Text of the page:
Pedro Sánchez "regrets" the "loss of human lives" in Melilla but insists on holding the mafias responsible

Pedro Sánchez "regrets" the "loss of human lives" in Melilla but insists on holding the mafias responsible

The President of the Government, Pedro Sánchez, stated in an interview this Monday in La Vanguardia who "regrets" the "loss of human lives" in the jump to the Melilla fence last Friday, in which 37 people died, but has insisted that the responsibility lies with "the international mafias that organize the violent attacks". "We regret the loss of human lives, in this case of desperate people who were looking for a better life and who are victims and instruments of mafias and criminals who organize violent actions against our border," Sánchez said in the interview.

The world looks at Melilla between demands for independent investigations of the 37 deaths

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For the President of the Government, the "violent assaults" have as "victims" the migrants themselves, the citizens of Melilla and Ceuta and "also the security forces and bodies of Spain and Morocco". “I will never get tired of expressing my support for the Civil Guard and the Police. I also appreciate the work of the Moroccan Gendarmerie. Morocco fights and also suffers from this violence”, he assured.

Regarding the change in Spain's relations with Algeria by the Government's shift in its position on Western Sahara, Sánchez has defended that he had the obligation to resolve the "bilateral crisis with Morocco" and has argued that this country is a "strategic partner" not only "in regard to the control of illegal immigration, as we have just seen in Melilla" but also “in the fight against terrorism”.

“On the issue of Western Sahara, Spain has not moved from the framework of the United Nations. We defend a solution that is only possible with the agreement of the two parties under the tutelage of the UN”, he replied.

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In the images broadcast this Saturday, to which has had access, a group of migrants lies on the ground and they are surrounded by the same Moroccan agents who intervened to prevent them from jumping the fence. The people, who are piled up on the ground, badly injured, can hardly move. In other sequences published by the Moroccan Association for Human Rights (AMDH) in Nador, it can be seen how the Moroccan gendarmes beat some people who tried to enter Melilla, despite the fact that they show no resistance and appear to be in a very weak state.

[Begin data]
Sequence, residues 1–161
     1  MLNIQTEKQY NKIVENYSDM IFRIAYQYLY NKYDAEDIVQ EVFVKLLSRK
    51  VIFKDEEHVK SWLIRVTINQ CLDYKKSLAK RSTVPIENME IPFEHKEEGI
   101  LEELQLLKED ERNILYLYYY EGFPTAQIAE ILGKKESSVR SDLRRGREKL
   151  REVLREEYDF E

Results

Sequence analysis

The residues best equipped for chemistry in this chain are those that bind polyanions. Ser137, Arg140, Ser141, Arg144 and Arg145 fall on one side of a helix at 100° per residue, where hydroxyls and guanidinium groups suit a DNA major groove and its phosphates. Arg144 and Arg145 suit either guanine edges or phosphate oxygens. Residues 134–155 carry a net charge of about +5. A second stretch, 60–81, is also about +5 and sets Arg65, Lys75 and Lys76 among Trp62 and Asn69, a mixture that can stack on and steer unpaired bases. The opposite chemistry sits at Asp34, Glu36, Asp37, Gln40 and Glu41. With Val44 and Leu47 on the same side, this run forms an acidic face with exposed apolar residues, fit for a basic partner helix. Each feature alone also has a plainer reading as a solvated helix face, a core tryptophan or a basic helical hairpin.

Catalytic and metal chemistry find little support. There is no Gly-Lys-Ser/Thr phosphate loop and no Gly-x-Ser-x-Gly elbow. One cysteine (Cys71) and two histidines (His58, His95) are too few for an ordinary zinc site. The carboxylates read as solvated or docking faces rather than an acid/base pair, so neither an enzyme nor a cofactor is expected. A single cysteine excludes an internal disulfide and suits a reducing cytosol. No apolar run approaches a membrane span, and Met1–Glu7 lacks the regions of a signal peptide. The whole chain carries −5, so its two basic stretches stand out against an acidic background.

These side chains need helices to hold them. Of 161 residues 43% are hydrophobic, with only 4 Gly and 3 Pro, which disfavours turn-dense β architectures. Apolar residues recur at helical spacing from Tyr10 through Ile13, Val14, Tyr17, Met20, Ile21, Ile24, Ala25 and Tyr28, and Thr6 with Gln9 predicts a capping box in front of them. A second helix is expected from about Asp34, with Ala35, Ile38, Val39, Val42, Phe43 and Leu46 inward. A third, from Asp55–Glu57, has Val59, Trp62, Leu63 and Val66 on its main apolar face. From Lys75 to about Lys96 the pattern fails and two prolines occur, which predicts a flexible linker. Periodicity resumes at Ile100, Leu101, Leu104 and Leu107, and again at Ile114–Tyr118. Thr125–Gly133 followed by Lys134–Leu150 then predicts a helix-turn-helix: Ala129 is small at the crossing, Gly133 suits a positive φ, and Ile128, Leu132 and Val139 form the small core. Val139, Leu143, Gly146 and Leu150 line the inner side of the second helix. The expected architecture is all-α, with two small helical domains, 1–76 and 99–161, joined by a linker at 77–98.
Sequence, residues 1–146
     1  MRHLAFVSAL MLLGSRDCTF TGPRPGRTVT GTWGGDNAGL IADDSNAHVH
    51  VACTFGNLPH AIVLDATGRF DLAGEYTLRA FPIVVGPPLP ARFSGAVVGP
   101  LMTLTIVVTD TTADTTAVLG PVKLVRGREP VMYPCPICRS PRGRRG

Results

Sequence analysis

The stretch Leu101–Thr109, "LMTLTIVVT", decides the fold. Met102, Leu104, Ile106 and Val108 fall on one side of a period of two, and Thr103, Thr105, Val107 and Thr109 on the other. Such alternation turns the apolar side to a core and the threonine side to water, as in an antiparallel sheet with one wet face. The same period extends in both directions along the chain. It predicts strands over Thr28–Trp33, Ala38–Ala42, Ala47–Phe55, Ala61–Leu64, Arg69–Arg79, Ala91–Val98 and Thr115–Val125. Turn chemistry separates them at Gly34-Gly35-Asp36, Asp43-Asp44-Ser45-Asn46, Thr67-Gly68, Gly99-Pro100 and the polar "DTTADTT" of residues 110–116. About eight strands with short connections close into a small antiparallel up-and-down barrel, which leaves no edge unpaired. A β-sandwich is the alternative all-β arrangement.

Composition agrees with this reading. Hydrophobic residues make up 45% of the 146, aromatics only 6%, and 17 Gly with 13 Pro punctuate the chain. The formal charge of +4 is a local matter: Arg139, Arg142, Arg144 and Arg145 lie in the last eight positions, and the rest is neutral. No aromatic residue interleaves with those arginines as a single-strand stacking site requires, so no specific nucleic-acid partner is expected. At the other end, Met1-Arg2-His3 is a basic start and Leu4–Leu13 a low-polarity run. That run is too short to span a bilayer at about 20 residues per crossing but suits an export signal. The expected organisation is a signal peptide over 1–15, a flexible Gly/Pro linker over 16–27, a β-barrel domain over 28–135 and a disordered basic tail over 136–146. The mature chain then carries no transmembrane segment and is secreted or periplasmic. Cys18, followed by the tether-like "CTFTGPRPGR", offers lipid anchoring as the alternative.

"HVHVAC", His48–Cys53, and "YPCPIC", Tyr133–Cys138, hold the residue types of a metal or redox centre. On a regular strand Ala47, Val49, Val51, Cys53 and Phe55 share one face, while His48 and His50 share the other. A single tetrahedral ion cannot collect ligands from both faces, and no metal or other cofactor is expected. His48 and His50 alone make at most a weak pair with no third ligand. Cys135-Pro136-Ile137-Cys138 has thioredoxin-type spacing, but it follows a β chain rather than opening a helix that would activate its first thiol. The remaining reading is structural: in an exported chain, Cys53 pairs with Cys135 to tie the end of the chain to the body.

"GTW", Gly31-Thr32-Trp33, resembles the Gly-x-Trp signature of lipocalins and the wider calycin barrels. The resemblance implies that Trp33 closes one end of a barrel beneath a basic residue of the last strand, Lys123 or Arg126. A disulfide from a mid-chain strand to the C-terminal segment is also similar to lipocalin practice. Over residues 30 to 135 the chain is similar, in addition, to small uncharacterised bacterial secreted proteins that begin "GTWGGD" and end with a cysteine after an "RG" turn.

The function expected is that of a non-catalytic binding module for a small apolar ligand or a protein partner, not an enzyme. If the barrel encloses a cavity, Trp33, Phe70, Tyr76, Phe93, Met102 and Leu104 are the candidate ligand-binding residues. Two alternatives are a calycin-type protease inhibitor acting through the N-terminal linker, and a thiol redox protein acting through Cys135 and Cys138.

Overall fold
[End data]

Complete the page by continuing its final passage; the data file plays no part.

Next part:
NGOs working on the ground have called for independent investigations by both Morocco and Spain. Through a statement released this Saturday, they condemn "the lack of prompt attention" to the injured migrants, which is attested in the images of men piled up and surrounded by Moroccan forces. In addition to requesting health care for the injured migrants, they demand that the Moroccan authorities "proceed to identify and return the remains of the victims to their families, in collaboration with the migrant communities."

We may have asked for an investigation "immediate and independent" by the EU to clarify what happened and to clarify responsibilities after the "harsh images of violence and serious violations of human rights by the immigration authorities." Vice President Yolanda Díaz has conveyed her “condolences to the loved ones” of those who have died at the border. "It should be clarified what happened. I will always support an immigration policy that respects human rights. No one should die like this."

The President of the European Council, Charles Michel, said during the G7 summit that he fully supports the efforts of Spain and other countries in the front line to protect the borders of the European Union.

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